With its focus on the relationship between the top-down AKP politics of normalizing a conservative national subject on the one hand, and the dynamics of subject formation at the micro-level of society on the other, this project follows a line of investigation that pursues the question of secularism and religious revivalism as an empirical one, beyond the confines of both conventional master narratives (of modernization, for example), as well as counter projects invested primarily in unmasking the former (such as post-colonialism). The Turkish experience with governance of religion is too complex to be explained with a binary secularist versus Islamist modelling. Thus, we address how the AKP’s reformism is positioned rhetorically against Kemalist secularism, while at the same time maintaining some of its features, such as a propensity to keep religion integrated in and thus subordinate to the state structure, and to actively use state agencies to propagate its vision of correct religion, effectively turning religion into a means of government. Unlike Kemalism, however, AKP discourse connotes religion in positive terms; enhancing it has become an objective of government, epitomized in the pledge to ‘raise a pious generation’.

Theorizing religion and politics in the Turkish context needs to be adjusted to this new constellation. Inquiring into religion as a factor that is inscribed in AKP governmentality requires moving beyond the debate on secularism, which tends to attribute to religion the role of an object of politics rather than a generic source of motivation. A focus on the governmentality of the AKP needs to ask about the vision of the AKP’s piety project without succumbing to the secularist bias that portrays the anti-secularist and anti-liberal undertones of AKP discourse as merely a revisionist response to Kemalism, instead allowing for an exploration that is open to discovering other genealogies. With these considerations in mind, we approach Turkish family and youth politics as contested arenas that are shaped by secularist legacies and prospective pious futures, without ever being able to be reduced to either.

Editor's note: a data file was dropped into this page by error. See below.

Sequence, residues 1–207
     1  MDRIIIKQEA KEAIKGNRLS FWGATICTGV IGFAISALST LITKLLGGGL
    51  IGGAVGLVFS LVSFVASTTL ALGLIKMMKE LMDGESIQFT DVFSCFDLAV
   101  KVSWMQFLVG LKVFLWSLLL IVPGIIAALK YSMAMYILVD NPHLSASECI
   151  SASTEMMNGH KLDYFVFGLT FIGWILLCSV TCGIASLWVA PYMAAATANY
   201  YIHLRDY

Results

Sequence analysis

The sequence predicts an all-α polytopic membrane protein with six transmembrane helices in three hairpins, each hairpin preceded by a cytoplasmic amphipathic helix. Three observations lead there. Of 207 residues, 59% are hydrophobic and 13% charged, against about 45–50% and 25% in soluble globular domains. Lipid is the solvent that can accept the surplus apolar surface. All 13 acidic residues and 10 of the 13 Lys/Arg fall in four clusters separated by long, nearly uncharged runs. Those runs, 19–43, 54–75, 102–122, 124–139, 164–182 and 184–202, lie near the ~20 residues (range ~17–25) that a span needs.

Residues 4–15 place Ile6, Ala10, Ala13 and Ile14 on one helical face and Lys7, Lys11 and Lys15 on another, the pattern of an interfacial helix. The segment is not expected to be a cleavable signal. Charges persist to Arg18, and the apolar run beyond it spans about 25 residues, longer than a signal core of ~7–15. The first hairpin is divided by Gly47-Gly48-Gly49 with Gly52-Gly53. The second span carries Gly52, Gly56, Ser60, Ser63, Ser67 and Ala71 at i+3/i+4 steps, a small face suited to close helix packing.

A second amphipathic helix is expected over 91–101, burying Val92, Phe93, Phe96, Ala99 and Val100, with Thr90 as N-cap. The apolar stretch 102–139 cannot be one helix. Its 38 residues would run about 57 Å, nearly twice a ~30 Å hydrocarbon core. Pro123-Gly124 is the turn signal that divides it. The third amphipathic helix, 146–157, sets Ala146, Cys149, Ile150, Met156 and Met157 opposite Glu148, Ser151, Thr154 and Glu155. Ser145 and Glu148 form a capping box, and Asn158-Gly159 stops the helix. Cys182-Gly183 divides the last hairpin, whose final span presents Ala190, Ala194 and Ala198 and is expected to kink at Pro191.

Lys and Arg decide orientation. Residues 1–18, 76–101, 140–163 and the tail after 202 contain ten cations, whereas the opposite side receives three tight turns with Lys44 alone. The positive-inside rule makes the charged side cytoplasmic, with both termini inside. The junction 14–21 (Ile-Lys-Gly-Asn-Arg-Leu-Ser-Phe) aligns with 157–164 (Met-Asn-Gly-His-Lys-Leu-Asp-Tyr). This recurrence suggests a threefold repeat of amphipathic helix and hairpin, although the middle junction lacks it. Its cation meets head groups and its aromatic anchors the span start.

It is from this vantage point that we aim to inquire into the contours of the religious subject that the AKP aims to establish, the genealogies that it tacks onto, and the means through which it is to be created. The focus on AKP governance is decentered by empirical investigation into the experiences and hopes that ordinary Turkish citizens articulate with regard to the domains of family and youth. We do expect that these articulations by Turkish citizens of various milieus will relate to experiences with AKP governance, and react to the ideal of a pious subject that Turkish society is being confronted with so forcefully, but we do not from the outset conceive of them as merely reactive to AKP politics. In this context, we also ask about points of dialogue, as well as shared spaces between Islamic and secular sensibilities and imaginaries. We thus aspire to establish an analytical framework for studying the politics of Islam and secularism that recognizes the complex entanglements of religious and secular sentiments and worldviews.